Printmaking – 10 Tips to Make Better Prints

Last week a previous PhotoShop student of mine stopped by my store to discuss printmaking. We talked about a lot about techniques, papers, and one of my favourite topics, how to make black and white prints.  Consequently, for this week I decided to pass along a summary of that discussion in the form of 10 tips for readers that should help them to make better prints.

1. I’ll begin with the most important tip for getting a good digital print, which is a good quality image. You will need a good original image in order to get top quality digital photography printing. It’s like the old saying, “garbage in, garbage out.”

2.  Learn to white balance your camera. Proper camera white balance means the camera’s sensor reproduces the “colour temperature” of a light source, or the relative warmth, or coolness of white light. Setting the camera’s white balance corrects all the colours in your pictures, taking into account the light in which they were shot.

3.  If you are using a DSLR (digital single lens reflex) camera be sure to clean the sensor regularly. Even if you never remove the lens, dust will get in and show up on your prints.  Some cameras have self-cleaning, but that doesn’t remove all the dust from the camera, it only shakes it off the sensor and it will eventually find it’s way back, so to make sure I regularly clean my sensor with a clean blower.

4.  Calibrate the computer monitor. Do this about every two weeks with a new monitor, and then every month or so after it is a year old.  Adobe Photoshop provides the Adobe Gamma Wizard or use a more a specialized product by Color Vision, Monaco, Digital Light, or other manufacturers.

5.  Choose a colour space for the camera’s image files.  The two most common with digital images are sRGB and Adobe RGB 1998.   Check the camera’s menu for that initial selection.  If you are making enhancements to your images in PhotoShop you will do better with Adobe RGB 1998; it covers a wider colour gamut.  Wider range of colours mean more precise colour adjustments. These are subtle.

6.  Improve contrast.  Photographs from digital cameras are sometimes pretty flat and lack the contrasts that were once provided by films like Velvia and Ektachrome VC.  If shooting JPGs learn how to use levels and curves. With RAW it’s easy using the sliders in Adobe’s RAW converter.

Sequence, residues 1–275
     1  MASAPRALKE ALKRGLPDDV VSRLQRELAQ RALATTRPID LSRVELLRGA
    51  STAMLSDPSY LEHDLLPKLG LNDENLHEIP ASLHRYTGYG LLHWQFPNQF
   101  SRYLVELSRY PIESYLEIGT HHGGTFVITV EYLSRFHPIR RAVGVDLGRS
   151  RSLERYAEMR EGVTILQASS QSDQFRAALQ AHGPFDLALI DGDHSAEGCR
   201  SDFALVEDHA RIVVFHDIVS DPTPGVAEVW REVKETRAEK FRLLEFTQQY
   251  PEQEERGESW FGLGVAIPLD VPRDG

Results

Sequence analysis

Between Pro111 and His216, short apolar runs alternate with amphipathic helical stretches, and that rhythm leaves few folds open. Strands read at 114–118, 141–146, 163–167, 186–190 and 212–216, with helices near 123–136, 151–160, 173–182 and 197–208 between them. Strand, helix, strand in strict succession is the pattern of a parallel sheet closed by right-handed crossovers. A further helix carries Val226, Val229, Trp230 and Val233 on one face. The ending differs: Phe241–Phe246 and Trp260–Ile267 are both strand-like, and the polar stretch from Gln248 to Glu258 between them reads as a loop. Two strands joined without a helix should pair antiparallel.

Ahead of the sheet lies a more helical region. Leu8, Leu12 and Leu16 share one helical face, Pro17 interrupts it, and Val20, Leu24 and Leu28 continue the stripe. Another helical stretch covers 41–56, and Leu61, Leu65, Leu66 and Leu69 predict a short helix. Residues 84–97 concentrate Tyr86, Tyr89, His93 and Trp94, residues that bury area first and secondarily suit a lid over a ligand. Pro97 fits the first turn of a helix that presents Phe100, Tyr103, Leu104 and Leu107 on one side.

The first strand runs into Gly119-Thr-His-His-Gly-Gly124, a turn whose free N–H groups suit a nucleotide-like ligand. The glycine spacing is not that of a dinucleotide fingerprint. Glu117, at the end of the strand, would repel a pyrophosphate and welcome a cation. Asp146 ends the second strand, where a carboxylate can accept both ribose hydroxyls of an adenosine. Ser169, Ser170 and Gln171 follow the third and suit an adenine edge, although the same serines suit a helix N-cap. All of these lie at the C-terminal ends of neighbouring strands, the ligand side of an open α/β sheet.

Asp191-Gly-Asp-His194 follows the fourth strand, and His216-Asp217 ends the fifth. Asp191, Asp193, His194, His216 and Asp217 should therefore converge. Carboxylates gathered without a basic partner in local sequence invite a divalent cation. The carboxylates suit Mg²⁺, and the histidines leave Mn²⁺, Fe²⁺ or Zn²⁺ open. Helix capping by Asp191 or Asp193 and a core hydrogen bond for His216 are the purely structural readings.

7.  Resize your image.  Choose a resolution from 250 to 300.

8.  Sharpen.  All digital images whether scanned, or direct from the digital camera, require sharpening for a satisfactory print. I leave my camera at normal and do the real work in PhotoShop. Sharpening isn’t all that hard, there are many ways. Just spend some time searching the Internet and choose a method that isn’t complicated. I like sharpening to fit easily into my printmaking workflow.

9.  Choose the right paper.  Just like traditional photography, the paper you choose to print with will make a big difference. In Photoshop select print with preview and choose your surface – matt or glossy.  Be sure to go on-line and download the correct profile into PhotoShop for the paper you are using.

10.  Set your printer’s driver.  To maintain the colour accuracy of your image, it is essential to set your printer driver correctly. When you are ready to print, select the print preview option in your file menu.  There are several steps – you should learn them by reading your instruction manual for your printer.   It is important to let your printer know the amount of ink for the type of paper and surface.

And lastly, after printing save those images on archival CDs, DVDs or on external hard-drives. Don’t make the mistake of leaving all those image files on your computer, that’s the best way to loose everything.  Cheap bargain discs will degrade with time. Don’t store them in the sun and don’t write on them.

I really appreciate your comments.

And my website can be found at

Digital Camera Terminology for photographers